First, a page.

This SME Guide to Technical SEO is aimed at SME business owners who want practical tips to develop their SEO performance. Technical SEO refers to the optimisation of web pages and servers to deliver the optimum crawling and indexing of a website.

Following on from the Beginners Guides to Conversion Rate Optimisation or CRO and D2C Strategy, this further guide is an in-depth look at how to improve a website’s Technical SEO, and ultimately improving sales, generating leads or achieving other goals.

Small Business Guide to Technical SEO

There are around 6 million SME companies in the UK, many of which are owner-managed and on-average employ 0-49 people. They account for 99% of the total number of businesses in the UK and are absolutely vital to the economy.

SMEs account for approximately 60% of the employment and around 50% of turnover in the UK private sector. Retail and Wholesale account for 14% of all SME employment and just over one-third of SME turnover, making the Retail Industry an important part of this sector.

For anyone that has worked in a SME environment, you will know how hands-on and involved it is. The jack-of-all-trades phrase could well have been created to describe the leadership requirements of a SME business owner, however, the additional element of master-of-none, need not apply if business owners take stock and reach out for help & support.

This SME Guide to Technical SEO is aimed at SME business owners who want practical tips to what is often seen as the dark-art of SEO. As you will see, that’s rubbish and with the help of this guide, and some supporting articles & videos, you will be able to master your online presence and ensure your website performance is fully optimised.

What Is Technical SEO & Why Is It Important?

Technical SEO refers to the optimisation of web pages and servers to deliver the optimum crawling and indexing of a website. Enabling search engine spiders to crawl more effectively results in more pages being indexed, and ultimately helping to drive more website traffic.

Fully optimised websites should also include fast page load times. Google has made it clear that they are looking for the best user experience in their search results, and slow websites are definitely excluded from the top ranking positions.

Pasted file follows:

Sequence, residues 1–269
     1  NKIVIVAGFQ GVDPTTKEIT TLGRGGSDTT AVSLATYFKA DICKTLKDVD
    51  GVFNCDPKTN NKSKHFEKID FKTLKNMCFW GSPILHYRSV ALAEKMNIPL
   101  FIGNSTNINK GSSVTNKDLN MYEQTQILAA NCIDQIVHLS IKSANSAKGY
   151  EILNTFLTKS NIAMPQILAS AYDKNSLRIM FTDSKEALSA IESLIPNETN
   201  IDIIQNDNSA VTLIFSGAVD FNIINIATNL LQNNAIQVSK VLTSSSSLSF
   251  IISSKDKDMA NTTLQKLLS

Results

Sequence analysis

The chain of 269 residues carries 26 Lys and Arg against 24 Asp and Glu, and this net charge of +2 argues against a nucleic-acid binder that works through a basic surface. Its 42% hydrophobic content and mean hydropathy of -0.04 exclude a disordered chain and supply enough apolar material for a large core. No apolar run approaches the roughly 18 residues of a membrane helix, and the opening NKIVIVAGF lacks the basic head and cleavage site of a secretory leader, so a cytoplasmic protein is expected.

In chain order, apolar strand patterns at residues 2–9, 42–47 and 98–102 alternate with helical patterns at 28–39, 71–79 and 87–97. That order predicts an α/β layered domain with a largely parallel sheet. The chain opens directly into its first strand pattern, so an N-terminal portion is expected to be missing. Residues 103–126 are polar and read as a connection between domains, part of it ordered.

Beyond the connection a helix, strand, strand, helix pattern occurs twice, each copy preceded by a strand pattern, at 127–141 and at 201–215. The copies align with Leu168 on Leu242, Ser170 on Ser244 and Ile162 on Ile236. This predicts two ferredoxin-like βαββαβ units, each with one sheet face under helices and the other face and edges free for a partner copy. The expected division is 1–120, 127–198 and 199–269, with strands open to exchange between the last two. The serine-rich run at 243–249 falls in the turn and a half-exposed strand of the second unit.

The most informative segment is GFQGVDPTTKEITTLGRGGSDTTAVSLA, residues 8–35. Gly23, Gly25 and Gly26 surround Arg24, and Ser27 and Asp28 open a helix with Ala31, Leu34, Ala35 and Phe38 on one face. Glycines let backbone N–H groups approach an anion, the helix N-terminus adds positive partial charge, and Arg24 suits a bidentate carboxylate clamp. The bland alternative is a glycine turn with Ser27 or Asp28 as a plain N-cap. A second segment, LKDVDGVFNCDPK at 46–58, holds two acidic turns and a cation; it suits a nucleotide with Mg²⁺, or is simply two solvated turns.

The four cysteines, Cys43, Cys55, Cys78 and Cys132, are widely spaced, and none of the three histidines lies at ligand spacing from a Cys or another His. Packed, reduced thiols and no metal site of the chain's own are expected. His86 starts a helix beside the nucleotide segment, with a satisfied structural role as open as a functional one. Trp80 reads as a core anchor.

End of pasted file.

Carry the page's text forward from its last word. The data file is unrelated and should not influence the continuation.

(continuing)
Search engine optimisation (SEO) is important because:

  • Most people using search engines click on the top 5 results (98%), with the number one position seeing almost one-third (31%) of all clicks (source:
  • Less than 1% of users clicked on anything from page 2 onwards
  • Users trust Google and so performing well in the search engine is likely to increase sales
  • Performing well in search engines help people to see your brand and retained brand awareness will also help in other channels, such as social media
  • Optimised websites increase the number of pages indexed in search engines, resulting in more pages being viewed
  • Search engines score web pages on quality, which is not only a ranking factor in natural search results but also helps in paid search campaigns
  • Effectively optimised websites reduce bandwidth demands resulting in less load issues on web servers
  • Websites that optimise crawling help to index pages faster
“Technical SEO refers to the optimisation of web pages and servers to deliver the optimum crawling and indexing of a website. Enabling search engine spiders to crawl more effectively results in more pages being indexed, and ultimately helping to drive more website traffic. “
- Mark Taylor

SME Companies & Google Search Results

For SME business owners in a typical UK town, the increase in popularity of the Internet initially brought optimism as the opportunity to expand the business beckoned. In the late 90s, it was pretty easy to rise to the top of the search engine results with little knowledge and only a handful of tactics. But as the years rolled forward, it became more difficult as the big boys poured money into the pursuit of this new channel and Google wised-up to the fact that too many sites had manipulated their way to the top of the rankings.

In early 2011, Google introduced the first of several algorithm changes that were to have an enormous effect on how websites appeared in their search results. The Google Panda update seemed [Google never confirms these things] to crack down on thin content, content farms, sites with high advert-to-content ratios and a number of other quality issues. The Google Panda update rolled out over at least a couple of months, hitting Europe in April 2011. In effect, it was a wake-up call to webmasters to improve the quality of the content on their websites with Google saying it no longer wished to see poor quality websites in its index.

One aspect of the Consumer Product industry that would be hit by the Google Panda update was the habit of webmasters listing products using the manufacturers product descriptions. This resulted in hundreds, if not thousands, of websites using the same content to describe the same products. Google sees this as low quality content and as such, is unlikely to reward these sites with higher placements in the search results (known as rankings).

Over the next year, there were thought to be around a dozen Panda updates [source:] before Google rolled out their next big algorithm change. Whereas Panda targeted low quality on-site factors, the Penguin update targeted low quality off-site spam factors like links.